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End to End Excellence: The People Behind The Product

Date: 16th February 2018

Ray Wing, dCS Quality Manager

“Around one hundred and fifty years ago, I went to Hitchin Grammar School for Boys”, jokes Ray Wing. “I’m a local to this area, born in Royston. I’ve stayed in this area all my life, even with work. I couldn’t leave school soon enough and didn’t go to university. I probably should have done, but I wanted to be a musician as soon as I was old enough to pick up a musical instrument. I travelled around the country in a band for a couple of years, and then finally got a proper job.”

Ray is a dCS stalwart; he’s been at the company longer than most, and has seen it change dramatically over the years. Yet all throughout his life he has had an abiding interest in music, hi-fi and engineering. “I became a fully qualified vibration engineer. My first job had been shaking things until they self-destruct, and so it was good training for working at Neve Electronics, just down the road! They do audio mixers for high end studios and recording studios. I worked for everyone from the BBC to The Kinks, back in the day, designing mixing desks for them.”

It was a great job, but after a decade Ray moved on and ended up working for PA Technology. “They are one of the big consulting groups and they have all the different engineering disciplines in the same building. There are chemists in there, food technologists, mechanical engineers, electronic engineers, software engineers. I ran the electronics design office there for ten years. You could be working on a food mixer one day and a machine for making Mars Bars the next! It was one of those really interesting jobs in which I gained loads of experience. I worked on one of the first ever mobile phones; the team were the best guys in England working on radio technology…”

Ray’s next step was into mainstream hi-fi with Quad/Wharfedale. “I was head of development there for four years, with a team of thirty engineers. When they moved to China, I moved to dCS! All this time, I had been continuing my attempts to become a musician. In a way I succeeded because I am half-decent. I come from a musical family, especially my father who was a drummer in the Army and travelled all over the world. Early on I travelled around Britain supporting big acts like The Searchers, The Kinks and Status Quo – we supported them when they were at Number One in 1967. We were a three – or sometimes four – piece heavy rock band, loud and nasty. We were influenced by the rougher edge of rock, like The Stones and Led Zeppelin…”

Like his idols, Ray still plays today. “We are all of the age now where we’re in the midst of retiring or winding down, and our guitar player is seventy in February so we’re planning a gig. He wants to have a big party and we’re going to play at it. I’ve still got the enthusiasm to turn out on a cold night and actually play. We’ll be doing more middle of the road stuff, like The Eagles. We have three singers so there are a lot of vocal harmony type numbers we do, but I still sometimes play in a nasty rock band.”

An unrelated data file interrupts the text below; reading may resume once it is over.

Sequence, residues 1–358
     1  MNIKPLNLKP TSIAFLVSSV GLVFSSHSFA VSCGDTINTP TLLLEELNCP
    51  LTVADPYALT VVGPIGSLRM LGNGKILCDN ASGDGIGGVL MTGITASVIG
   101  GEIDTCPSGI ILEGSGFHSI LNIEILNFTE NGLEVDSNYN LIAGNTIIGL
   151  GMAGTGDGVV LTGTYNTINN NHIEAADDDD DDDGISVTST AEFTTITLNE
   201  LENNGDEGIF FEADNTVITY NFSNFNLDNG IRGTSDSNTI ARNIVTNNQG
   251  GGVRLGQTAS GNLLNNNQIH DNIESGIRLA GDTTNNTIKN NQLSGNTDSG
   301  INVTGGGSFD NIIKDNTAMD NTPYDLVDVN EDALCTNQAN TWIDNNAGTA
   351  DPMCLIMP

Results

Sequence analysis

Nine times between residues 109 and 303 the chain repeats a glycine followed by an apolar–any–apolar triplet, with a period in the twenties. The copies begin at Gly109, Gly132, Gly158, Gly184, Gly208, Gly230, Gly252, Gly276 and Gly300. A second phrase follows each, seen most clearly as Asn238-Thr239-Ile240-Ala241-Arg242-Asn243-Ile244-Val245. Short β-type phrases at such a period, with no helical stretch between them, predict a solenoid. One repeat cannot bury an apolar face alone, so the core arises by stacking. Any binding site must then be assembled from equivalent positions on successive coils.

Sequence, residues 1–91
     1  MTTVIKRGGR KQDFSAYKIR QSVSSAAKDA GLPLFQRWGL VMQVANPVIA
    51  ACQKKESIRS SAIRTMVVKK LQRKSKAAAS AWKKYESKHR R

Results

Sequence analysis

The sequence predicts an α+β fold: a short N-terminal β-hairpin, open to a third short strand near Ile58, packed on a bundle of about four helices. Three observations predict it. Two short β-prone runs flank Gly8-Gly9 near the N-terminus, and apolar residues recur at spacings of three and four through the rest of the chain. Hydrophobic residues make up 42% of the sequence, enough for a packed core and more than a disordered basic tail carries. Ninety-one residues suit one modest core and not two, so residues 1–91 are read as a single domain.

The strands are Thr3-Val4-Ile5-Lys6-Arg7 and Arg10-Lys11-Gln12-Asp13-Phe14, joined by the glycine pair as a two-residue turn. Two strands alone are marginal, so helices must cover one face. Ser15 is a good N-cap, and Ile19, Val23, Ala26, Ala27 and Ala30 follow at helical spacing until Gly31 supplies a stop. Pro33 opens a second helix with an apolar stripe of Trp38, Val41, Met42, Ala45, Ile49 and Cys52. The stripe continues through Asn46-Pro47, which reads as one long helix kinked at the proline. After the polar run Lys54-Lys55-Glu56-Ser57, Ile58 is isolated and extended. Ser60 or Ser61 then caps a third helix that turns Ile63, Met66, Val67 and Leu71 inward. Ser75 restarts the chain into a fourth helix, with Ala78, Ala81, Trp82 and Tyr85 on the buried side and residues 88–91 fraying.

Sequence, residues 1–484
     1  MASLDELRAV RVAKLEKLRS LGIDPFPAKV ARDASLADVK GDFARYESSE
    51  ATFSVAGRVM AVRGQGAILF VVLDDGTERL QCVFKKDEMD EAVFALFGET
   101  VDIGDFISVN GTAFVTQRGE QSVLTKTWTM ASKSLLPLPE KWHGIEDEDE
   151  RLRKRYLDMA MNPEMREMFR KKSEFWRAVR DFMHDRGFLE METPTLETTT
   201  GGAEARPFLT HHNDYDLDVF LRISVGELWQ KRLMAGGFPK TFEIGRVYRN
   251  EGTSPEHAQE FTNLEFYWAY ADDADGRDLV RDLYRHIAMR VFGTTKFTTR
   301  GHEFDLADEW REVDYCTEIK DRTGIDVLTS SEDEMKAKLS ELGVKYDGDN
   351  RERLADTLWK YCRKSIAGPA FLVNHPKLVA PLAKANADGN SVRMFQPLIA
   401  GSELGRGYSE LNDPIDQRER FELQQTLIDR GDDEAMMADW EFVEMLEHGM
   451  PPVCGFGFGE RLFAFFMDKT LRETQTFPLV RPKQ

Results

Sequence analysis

Mostly Ray plays bass, but can play pretty much anything if pushed. “I’m fairly presentable on most instruments but love playing bass because you’re the powerhouse of the band, along with the drummer. I like that sort of responsibility. We make the band happen, and the singer and lead guitarist are basically posers! To be honest I love guitars, and have a large collection now – that’s what I spend the money that we make from gigging on. I buy a guitar every so often, and I have now have a nice collection of various Gibsons and Fenders and other things, about twenty in all…”

“My favourite guitar is the one I haven’t got! I want a red Gibson 335 before I finally hang up the boots. To get a nice one it’s about £2,500 to £3,000. This was the thing to play back in the sixties and seventies, most people have had one. Clapton always used to play a 335 and now he plays a Stratocaster. You either play a Gibson Les Paul, a Fender Strat, a Fender Telecaster or a Gibson 335. They are the four guitars which people will have one or all of. The 335 is a semi acoustic, rather than a solid guitar. Originally it was designed more to be a Jazz guitar, which it is very good at, and Blues. The difference between a Gibson and a Fender is that Fenders have single coil pickups which give a piercing treble, while Gibsons have humbuckers which have a warmer and more growly sound.”

“I have a really nice Telecaster, a really old one that goes back to the eighties. Both the sound and feel are special. You can go along to a shop and go along a whole rack of guitars hanging on the wall, and one of them will feel better than all the rest. It is a personal thing really. I think any instrument is a bit like that, when you pick it up and it feels right somehow. Pick another one up and it is not. You know when you’ve got the right one. Some old guitars are just right, others terrible. I think it’s the variability of manufacturing back then. Modern manufacturing has taken out a lot of the wrinkles, and they’re more consistent. Some materials have changed though; they are not allowed to use some of those woods anymore. Gibson used to use mahogany from Brazil, but basically they’re still the same as the nineteen fifties…”

Although Ray likes everything from the Bee Gees to Billy Joel – and ELO’s Mr Blue Sky is a particular favourite too – it is Led Zep that sends shivers down his spine. “That is my era. That is when I grew up and the music I played and the sort of bands I saw as I was touring around. It is a lot of memories, really. I have had a huge amount of fun, in music and my professional life. Music has kept me sane for most of my life really – well, fairly…”